At Aginic, we’ve been organised into cross functional teams (or squads) for a few years now. It has helped us navigate through some turbulent times whilst staying closely connected and delivering great outcomes for our clients. However, having grown rapidly in the past 6 months, we decided it was time to spruce up our squad model and even allocations of who was in each squad.
Given that this change would affect everyone’s working life, we wanted it to be designed and implemented from the ground up rather than a top down mandate. The Exec team created some success criteria and test cases, but stayed away from dictating answers or solutions except when asked for input.
To create the change, we asked for volunteers to join a ‘way of working guild’ from across Aginic to represent the views of all Aginic-ers in improving how we operate, including (but not limited to) our squad system. This group met regularly using online collaboration tools like Miro to flesh out the problem space, identify areas we wanted to focus on driving improvements and come up with new and better ideas for our way of working.
The above image is a snapshot from the Miro board that our ‘Way of working guild’ used for many online workshops to collaborate and generate ideas.
This was no small task. The guild happened to coincide with one of the busiest times in Aginic’s history and I think to many it felt like re-designing a plane whilst in mid-flight. The emphasis was on incremental change and a continuous improvement rather than expecting a ‘big bang’ solution to everything.
Along with identifying a great backlog of organisational improvements that we can steadily work through, the group has done an incredible job of defining fundamental changes to our operating model.
The most significant has been to strengthen the role of chapters (or crafts) at Aginic. From now on chapters play a bigger role in supporting career development, guiding feedback and (perhaps most significantly) what projects people work on. Alongside this we’ve clarified a number of key leadership roles, including those of Squad Leads and our Chapter ‘Chairs’.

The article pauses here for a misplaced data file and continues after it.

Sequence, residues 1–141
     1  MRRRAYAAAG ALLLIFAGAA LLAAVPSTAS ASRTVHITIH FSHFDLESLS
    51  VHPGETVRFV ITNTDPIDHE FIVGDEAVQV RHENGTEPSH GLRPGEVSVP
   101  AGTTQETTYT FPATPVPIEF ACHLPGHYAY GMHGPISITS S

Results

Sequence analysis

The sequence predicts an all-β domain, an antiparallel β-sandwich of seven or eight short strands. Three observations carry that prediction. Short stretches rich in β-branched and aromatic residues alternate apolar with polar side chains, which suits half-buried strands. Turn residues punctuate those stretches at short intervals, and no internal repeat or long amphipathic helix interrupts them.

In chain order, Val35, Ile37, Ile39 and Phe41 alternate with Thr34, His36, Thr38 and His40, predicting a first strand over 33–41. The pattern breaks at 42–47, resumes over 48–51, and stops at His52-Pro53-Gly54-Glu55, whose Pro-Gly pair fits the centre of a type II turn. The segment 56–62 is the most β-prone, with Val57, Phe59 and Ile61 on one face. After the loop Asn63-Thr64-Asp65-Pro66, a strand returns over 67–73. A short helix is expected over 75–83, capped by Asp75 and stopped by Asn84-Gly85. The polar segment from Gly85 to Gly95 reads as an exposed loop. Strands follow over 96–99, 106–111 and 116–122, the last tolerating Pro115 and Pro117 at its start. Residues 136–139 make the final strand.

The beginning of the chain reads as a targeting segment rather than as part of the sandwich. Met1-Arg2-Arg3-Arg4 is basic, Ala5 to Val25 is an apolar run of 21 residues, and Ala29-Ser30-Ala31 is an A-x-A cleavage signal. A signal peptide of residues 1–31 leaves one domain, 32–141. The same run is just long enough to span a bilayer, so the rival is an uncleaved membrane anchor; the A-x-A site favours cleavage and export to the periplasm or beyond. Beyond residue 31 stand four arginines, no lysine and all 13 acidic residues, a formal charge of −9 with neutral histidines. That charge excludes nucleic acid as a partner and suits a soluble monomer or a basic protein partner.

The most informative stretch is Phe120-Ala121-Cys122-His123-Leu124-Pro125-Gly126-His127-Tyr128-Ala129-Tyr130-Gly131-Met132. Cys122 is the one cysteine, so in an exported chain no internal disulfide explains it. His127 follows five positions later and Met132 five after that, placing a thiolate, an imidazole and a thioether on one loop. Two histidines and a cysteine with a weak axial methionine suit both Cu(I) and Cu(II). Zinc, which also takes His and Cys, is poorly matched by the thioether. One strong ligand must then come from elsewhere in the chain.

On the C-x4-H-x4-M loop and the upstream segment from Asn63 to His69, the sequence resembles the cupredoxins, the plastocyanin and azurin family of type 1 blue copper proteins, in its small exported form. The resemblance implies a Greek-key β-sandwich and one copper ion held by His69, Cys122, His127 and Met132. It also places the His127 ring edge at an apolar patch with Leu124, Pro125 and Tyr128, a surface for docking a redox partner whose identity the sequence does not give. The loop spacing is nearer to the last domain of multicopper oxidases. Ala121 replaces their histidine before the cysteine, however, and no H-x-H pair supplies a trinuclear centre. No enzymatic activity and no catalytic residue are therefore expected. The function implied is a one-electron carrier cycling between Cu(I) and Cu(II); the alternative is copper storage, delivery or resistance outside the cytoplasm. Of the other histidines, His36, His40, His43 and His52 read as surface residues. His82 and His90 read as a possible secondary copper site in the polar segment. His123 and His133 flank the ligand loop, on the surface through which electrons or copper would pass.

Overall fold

Finally, the group also pointed to the need to refresh our squad allocations, as Aginic has grown by over 30% in the past 6 months, we’d ended up with some pretty massive teams – way beyond the ‘two pizza test’ made famous by Fred Brooks.
As anyone working in sticky, stable teams knows – it’s pretty hard to say goodbye to your awesome existing team. So the question was, how do we fairly, openly reformat our squads in the most Aginic way possible? The answer, of course, was a Sorting ceremony!
You did what now?
One of our brilliant Chapter Chairs, Sammy Scott, designed and built a ‘sorting hat algorithm’ that would determine the new squad for every team member. The sorting hat needed to ensure diversity of skills and experiences in every squad and also build the new squads around our newly appointed Squad Leads.
(Incidentally, the sorting hat algorithm has since taken on a life of its own as an internal coding challenge. It’s safe to say the next time we do this, the tool we’ll use will be a whole lot more comprehensive!)
Finally and most importantly we ran the sorting hat ceremony together, complete with our own sorting hats (see photo below). I did my best Dumbledore impression and we celebrated each person’s squad allocation with a round of applause.
This ground up transformation is still going for us. We’re morphing into continuous improvement and are keeping a close eye on our qualitative and quantitative metrics to make sure we’re on track. But so far it feels like a great success, we have a better way of working, greater clarity and shiny new squads.
The process we used probably isn’t for everyone, you have to at least be familiar with Harry Potter for a start, but we think it offers a fun and engaging way for any organisation looking to spruce up their squads, clean up their chapters and organise their OKRs.
Get in touch with James Hayes
James is an experienced agile coach and delivery manager with an impressive track record of helping teams and organisations across the world find pragmatic ways of improving the way they deliver for their customers. James is able to help people quickly make improvements in a fail safe way and keep the momentum of change up over the long term.Get in touch